The program ran for one hour a week over eight weeks. We were fortunate to have the program run an additional four weeks after this.  We had 15 boys from grade 4 to grand 6 attend and most weeks we had at least five parents watch part of the sessions. Towards the end of the program we had a parent/friend session where the families participated.

Outcomes and observations

  • We observed evidence of the students using skills to self-regulate quicker and their ability to articulate appropriate language to solve issues. As the program continued through into Term Three the responses to personal situations included-deep breathing, walking away, becoming the ‘Rock’ and ignoring triggers that would have been difficult to resist.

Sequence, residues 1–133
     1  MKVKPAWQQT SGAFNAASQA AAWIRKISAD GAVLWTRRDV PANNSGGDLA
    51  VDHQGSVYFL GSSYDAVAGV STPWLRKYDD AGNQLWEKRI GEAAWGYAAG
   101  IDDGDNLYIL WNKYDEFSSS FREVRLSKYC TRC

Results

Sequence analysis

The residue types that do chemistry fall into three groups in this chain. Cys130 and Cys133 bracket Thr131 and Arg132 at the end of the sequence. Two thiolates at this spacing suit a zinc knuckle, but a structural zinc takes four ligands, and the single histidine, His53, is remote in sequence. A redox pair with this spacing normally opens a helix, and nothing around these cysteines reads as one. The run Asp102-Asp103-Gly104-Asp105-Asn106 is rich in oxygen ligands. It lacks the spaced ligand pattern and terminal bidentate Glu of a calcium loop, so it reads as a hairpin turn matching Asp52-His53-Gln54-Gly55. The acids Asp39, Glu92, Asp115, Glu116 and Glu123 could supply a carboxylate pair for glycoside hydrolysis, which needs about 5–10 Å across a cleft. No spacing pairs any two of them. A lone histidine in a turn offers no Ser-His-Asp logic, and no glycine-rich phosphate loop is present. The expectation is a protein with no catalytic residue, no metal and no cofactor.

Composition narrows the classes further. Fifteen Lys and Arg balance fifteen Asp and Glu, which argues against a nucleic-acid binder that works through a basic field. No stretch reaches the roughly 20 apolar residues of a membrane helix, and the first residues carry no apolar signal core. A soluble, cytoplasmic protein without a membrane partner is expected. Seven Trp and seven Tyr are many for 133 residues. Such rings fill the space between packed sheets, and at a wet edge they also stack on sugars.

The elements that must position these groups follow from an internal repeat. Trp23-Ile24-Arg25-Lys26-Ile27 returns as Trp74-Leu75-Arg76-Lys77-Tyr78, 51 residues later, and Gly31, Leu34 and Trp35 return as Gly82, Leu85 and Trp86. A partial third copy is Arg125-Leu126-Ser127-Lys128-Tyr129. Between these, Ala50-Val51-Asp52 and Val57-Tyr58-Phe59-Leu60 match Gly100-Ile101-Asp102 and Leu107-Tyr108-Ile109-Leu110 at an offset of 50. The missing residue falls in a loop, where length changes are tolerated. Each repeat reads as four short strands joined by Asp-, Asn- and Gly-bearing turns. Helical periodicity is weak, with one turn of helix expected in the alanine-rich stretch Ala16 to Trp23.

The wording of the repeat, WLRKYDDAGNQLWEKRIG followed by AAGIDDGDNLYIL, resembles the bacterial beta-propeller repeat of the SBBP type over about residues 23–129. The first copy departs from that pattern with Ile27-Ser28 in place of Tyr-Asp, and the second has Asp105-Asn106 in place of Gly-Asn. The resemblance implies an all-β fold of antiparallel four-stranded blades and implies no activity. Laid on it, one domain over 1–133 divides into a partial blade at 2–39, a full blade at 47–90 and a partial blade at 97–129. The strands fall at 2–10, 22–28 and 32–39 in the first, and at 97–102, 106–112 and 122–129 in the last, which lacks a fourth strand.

Student feedback to addressing triggers: ‘I think of food’, ‘I try breathing slower’, ‘I ignore and pretend the person isn’t there’, ‘I think of my favourite book and remember the best parts’.
  • The instructors influenced and taught the development of positive personal traits – the focus on the value of showing kindness and how that can help in making you happy. The instructors challenged the students to look for an opportunity to brighten someone’s day and make them happy. To be kind not for a reward, but because it had the power to make a positive difference in the life of another person.


  • The strengthening of connectedness and the importance of families. Students learnt about listening to their parents even when they found this hard. It was great for some of our parents to hear these messages who then responded appropriately.
  • The students highly valued the program and learnt over the weeks that they weren’t alone in their difficulties. By the end of the program there was a noticeable shift in the engagement and concentration.  They became supportive and empathic to their peers and encouraged each other not to give up or give in to emotions.